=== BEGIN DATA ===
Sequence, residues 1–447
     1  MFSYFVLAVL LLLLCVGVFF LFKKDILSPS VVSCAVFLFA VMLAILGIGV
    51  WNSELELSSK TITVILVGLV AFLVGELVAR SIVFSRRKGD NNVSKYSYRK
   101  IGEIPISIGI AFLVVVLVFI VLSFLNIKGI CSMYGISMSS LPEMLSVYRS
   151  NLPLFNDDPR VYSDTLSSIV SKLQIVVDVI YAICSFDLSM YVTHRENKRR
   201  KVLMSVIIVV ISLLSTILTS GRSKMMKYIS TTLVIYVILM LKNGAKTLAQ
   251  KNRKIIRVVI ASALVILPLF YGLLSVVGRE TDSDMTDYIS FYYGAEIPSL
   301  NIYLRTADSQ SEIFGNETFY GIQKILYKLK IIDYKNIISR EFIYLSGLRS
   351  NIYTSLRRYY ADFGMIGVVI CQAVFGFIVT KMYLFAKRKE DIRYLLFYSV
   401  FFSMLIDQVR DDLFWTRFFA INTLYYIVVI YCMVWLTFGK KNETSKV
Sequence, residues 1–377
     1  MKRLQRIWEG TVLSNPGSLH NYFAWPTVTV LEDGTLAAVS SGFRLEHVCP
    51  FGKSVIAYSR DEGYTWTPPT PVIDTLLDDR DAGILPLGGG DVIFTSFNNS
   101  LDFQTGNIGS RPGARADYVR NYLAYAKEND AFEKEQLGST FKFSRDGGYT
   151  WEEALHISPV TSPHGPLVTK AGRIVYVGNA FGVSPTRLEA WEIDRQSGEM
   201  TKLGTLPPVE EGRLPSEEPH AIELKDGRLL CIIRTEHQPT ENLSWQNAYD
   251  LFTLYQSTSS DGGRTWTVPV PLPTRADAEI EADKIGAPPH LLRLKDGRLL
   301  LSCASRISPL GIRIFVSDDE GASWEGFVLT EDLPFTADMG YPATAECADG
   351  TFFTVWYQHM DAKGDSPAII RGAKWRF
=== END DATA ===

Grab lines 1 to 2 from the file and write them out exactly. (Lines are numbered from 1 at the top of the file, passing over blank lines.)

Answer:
Sequence, residues 1–447
     1  MFSYFVLAVL LLLLCVGVFF LFKKDILSPS VVSCAVFLFA VMLAILGIGV